Whole Room Views:

 

  

  


I utilize 3 spaces in my classroom.  I have a main topic area where my projector is.  This is also where my piano is located.  Students sit in rows or groups up in this space.  My 2nd area is in the middle of my classroom. I have lots of room for movement.  I utilize the yellow square in the middle of my room for "circle" time, even though we are in a square.  I rarely use my risers, except when practicing for concerts because we are up and moving so much.  The 3rd and final space in my room is "Instrument Land".  This is where all my instruments (minus my drums) are stored.  Students can walk into instrument land once invited, which helps to cut down on the randomly touching and playing of instruments.  Having my glockenspiels on desks helps to create a barrier between the movement space and the instrument space.  

All the Posters:

  

  These posters are located at the formal learning area of my room.  I have a movement word wall above my board and the Solfege Hand Signs below my board.  To the right I have my Music Around the World poster.  For more on how I utilize my Music Around the World, check out this post ( Around the World).  On my piano I have my Growth Mindset posters.  

  
I covered my cabinets and even above my cabinets with posters.  These span almost the entire length of my room so it was a lot of space to use!  I have my vocabulary word wall set up by topic.  Above the cabinets are some posters to help cover the storage above.  I have some basic Orff inspired words and also some nice rules for the music classroom.  The final picture is my exit slip/ formative assessment station.  To read more about how I utilize that, check out my post Formative Assessments.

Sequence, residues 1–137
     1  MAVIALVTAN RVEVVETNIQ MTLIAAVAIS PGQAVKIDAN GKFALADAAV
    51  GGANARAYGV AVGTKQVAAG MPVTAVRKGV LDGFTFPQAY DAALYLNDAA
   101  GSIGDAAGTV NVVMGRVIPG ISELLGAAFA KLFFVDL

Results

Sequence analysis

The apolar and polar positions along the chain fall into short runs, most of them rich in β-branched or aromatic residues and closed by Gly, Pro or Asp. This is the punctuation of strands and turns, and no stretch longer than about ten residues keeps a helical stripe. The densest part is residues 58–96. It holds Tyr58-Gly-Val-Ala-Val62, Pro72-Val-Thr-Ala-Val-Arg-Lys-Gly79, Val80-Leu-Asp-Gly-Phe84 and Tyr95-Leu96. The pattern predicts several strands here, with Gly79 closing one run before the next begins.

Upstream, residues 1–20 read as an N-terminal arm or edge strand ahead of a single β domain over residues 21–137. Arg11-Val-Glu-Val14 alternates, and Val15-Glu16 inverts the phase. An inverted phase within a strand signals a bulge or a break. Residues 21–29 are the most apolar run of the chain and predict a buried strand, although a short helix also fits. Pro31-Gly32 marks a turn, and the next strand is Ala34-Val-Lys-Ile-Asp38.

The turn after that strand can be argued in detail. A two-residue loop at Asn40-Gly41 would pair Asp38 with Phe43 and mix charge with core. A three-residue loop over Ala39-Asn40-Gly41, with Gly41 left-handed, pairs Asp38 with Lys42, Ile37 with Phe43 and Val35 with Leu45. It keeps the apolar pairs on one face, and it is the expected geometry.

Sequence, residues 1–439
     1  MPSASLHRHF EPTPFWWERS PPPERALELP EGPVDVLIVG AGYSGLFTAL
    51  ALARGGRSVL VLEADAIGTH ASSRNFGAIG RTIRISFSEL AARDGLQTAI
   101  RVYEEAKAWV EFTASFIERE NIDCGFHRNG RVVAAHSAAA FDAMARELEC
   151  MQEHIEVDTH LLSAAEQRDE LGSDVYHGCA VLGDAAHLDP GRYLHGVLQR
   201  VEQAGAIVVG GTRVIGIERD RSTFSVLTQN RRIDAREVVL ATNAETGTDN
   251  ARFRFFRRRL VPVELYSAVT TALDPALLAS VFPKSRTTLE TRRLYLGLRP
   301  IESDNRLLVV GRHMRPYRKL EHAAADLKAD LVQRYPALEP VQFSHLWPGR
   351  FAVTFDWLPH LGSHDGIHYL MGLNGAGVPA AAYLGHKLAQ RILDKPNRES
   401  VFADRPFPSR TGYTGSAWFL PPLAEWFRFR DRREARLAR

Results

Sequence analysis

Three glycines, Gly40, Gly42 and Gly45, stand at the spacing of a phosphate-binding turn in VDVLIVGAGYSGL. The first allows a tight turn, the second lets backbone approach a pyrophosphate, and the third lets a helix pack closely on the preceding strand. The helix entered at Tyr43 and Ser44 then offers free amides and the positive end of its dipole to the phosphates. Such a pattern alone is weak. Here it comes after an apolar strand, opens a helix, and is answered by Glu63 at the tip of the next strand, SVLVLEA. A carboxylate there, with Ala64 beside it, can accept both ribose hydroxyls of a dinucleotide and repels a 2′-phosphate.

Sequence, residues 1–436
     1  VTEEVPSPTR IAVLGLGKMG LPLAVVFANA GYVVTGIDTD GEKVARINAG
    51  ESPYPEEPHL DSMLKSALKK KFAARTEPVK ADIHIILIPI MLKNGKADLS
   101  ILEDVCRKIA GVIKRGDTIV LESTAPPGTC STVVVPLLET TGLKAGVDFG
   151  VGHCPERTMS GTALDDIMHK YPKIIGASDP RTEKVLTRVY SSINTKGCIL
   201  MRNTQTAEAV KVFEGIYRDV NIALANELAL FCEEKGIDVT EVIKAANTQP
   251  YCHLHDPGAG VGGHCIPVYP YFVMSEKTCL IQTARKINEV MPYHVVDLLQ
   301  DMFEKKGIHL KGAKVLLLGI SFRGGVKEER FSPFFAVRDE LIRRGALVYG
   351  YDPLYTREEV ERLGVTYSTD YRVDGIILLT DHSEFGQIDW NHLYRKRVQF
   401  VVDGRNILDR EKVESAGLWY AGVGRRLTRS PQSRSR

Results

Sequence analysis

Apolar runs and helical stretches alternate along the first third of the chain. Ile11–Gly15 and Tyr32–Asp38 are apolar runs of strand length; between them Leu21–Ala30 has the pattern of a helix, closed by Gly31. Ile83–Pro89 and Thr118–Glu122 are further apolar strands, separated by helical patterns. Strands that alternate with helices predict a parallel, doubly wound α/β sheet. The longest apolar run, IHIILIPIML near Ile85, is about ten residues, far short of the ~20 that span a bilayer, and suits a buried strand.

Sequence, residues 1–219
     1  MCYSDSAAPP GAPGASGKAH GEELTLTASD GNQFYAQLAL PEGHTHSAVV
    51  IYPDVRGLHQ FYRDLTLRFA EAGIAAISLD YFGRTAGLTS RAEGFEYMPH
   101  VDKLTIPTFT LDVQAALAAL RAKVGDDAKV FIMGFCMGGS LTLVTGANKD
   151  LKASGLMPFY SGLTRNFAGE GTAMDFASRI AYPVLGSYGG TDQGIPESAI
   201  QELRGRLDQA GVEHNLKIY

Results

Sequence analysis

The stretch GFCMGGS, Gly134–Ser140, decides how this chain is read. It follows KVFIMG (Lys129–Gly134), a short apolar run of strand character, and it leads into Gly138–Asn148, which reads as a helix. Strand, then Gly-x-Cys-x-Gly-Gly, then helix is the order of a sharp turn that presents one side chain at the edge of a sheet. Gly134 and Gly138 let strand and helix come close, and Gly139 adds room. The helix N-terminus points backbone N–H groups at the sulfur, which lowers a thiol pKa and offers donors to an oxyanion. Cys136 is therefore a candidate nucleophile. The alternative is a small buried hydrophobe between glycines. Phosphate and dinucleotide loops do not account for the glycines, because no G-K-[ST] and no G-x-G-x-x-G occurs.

Back by my instruments I have my board for I Can statements.  I printed out my I Can statements and laminated them.  They can then be used interchangeably on the grade level board.  I also have a Music of the Month spotlight.  In the past I had done a Composer of the Month, but I decided to try and spotlight genres of music as well.  This way I can choose a composer or genre of music to spotlight.  Above those are my recorder posters; things to remember while playing as well as fingering charts.
 

Finally, behind and next to my instrumentarium, are my posters of instruments families and Orff related tips.  The Orff side has tips and rules for playing the instruments.  The bulletin board has the different types of instruments, different penatonic set ups, and types of borduns we use. 

Other Spaces:

At the front of my room I have all my centers organized in shoe boxes.  This was it is easy for students or substitutes to get them out to use.

Across the way is my "student" center.  This holds all the pencils, scissors, glue sticks, etc. As well as any movement props the students might want/need to use.



Finally, my Un-Pitched Percussion sits on a shelf back by my instrumentarium.  They are separated into the categories I use (Shakers, Metals, Woods, Scrapers). Don't worry I use Drums also they are just located on my risers!
I hope you enjoyed your peak into my classroom for this year!  Please let me know if you have any questions about anything listed here and I can let you know how I did it, or what I use it for!



Friday, March 24, 2017

Kings & Queens